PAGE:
Microsoft Delivers Last Service Pack for XP

In what can be considered a minor milestone, I suppose, Microsoft finally made public what figures to be a beta of the last service pack for its venerable Windows XP operating system.

It'll be interesting to see, however, just how hard Redmond pushes Windows XP SP3, given that the company would much prefer Windows users to buy copies of Vista instead of staying with the now six-year-old product. Evidence that Microsoft may not go all-out in promoting the new update can be seen in a statement released by the company that reads, in part: "Windows XP Service Pack 3 doesn't bring significant portions of Windows Vista functionality to Windows XP." However, given that Vista still isn't "wowing" the industry, (as Microsoft officials thought it would back at the product's splashy January launch in New York City), this halfhearted endorsement may not discourage users from sticking with XP.

While SP3 contains a lot of bug fixes and some performance improvements, there are some new features -- nothing that will take your breath away, though. New features include Network Access Protection (NAP) that better allows desktop users to work more smoothly with the NAP features built into the upcoming Windows Server 2008, the new Kernel Mode Cryptographics Module which combines a number of cryptographic algorithms, and the ability to optionally install the update without a product key -- much like Windows Vista.

Users and developers can download the beta version of SP3 here.

New Virus Attacks Google Ads
BitDefender, a specialist in developing anti-virus software, has identified a new trojan capable of hijacking Google text ads and replacing them with ads from a different provider. The new threat, which the company calls Trojan.Qhost.WU, can change an infected system's Hosts file.

According to company officials, the modified file contains a line that redirects the host "," which in turn points to an IP in the form of to a different address in the form of So infected machines' browsers will read ads from the server at the replacement address instead of from Google.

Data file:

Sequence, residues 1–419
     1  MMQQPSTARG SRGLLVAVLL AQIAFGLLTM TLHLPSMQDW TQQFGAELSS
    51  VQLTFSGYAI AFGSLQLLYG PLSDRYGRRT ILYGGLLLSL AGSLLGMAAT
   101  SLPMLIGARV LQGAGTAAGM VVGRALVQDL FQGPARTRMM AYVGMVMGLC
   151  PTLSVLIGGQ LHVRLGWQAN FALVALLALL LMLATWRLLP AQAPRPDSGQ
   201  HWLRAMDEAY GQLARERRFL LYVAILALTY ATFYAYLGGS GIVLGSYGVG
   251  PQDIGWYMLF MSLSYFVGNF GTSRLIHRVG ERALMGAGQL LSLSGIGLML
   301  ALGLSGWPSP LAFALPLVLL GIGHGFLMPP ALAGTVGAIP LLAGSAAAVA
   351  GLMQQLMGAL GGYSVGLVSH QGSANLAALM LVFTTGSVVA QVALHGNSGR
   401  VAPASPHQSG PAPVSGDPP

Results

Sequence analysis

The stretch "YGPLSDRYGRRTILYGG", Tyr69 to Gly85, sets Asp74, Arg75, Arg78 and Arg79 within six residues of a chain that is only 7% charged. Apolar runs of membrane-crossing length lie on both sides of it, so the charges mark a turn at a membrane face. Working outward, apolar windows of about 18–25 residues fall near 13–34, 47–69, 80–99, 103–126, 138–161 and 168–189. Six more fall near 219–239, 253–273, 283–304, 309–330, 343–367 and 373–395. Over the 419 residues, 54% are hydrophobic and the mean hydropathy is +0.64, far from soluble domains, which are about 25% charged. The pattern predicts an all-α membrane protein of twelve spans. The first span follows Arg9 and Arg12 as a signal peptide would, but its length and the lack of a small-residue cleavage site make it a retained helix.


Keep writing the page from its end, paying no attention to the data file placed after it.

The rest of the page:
According to Attila-Mihaly Balazs, a virus analyst at BitDefender, the new threat "is a serious situation" that can damage both users and webmasters. He said users can be affected because the ads and/or the linked sites can contain malicious code, given that they're used to promoting malware in the first place. Webmasters can be affected because the trojan can turn away viewers which represent a potential source of money. The company is counseling users to let BitDefender software delete the trojan.

More details about the trojan can be had here.

Leopard Outrunning Tiger
Despite reports from early adopters complaining that Apple's Leopard OS is buggier than a Florida swamp in July, the product is already outselling its immediate predecessor at the retail store level after one month.

According to market researcher NPD Group, Leopard (Mac OS 10.5) is outrunning Tiger (Mac OS 10.4) by some 32.8 percent in terms of dollars, and 20.5 percent in unit volume. What's somewhat surprising is that it's not just home users that are contributing to its jackrabbit start; an increasing number of businesses are buying it, as well.

This news keeps intact Apple's sales record of its Mac OS X series of new releases outperforming their respective predecessors. For instance, Tiger had a 30 percent gain over Panther (Mac OS 10.3), while Tiger was up 100 percent over Jaguar (Mac OS 10.2).

"It's really stunning to see Apple have one blowout OS launch after another," said Chris Swenson, director of software industry analysis for the NPD Group. Swenson did note that the dollar and unit growth can be attributed to the product's November launch, right around the corner from the holiday season, as well as to the growing number of Apple retail stores. Also stimulating Leopard's sales relative to those of Tiger -- both on clients and servers, and among consumers and businesses -- was the arrival earlier this year of Adobe's Creative 3 Suite and the slick-looking Intel-powered Macs.

"There's this convergence of the end-of-the-year buying spree that corporations do and with budgets in corporations. We are selling quite a few Leopard upgrades both on the server side and on the client side to work groups in large companies trying to burn their budgets," said Michael Oh, CEO of Tech Superpowers, a Boston-based reseller that specializes in selling Macs.

Mailbag: The Crash of IE 7, More
Are you among the Internet Explorer users who've been locked out of the browser after this month's patch rollout? Readers share their tales of IE woe:

Yep, ever since the update, IE sometimes crashes on two separate machines. Most times, if I go back to the Web site a second time, even immediately, it works.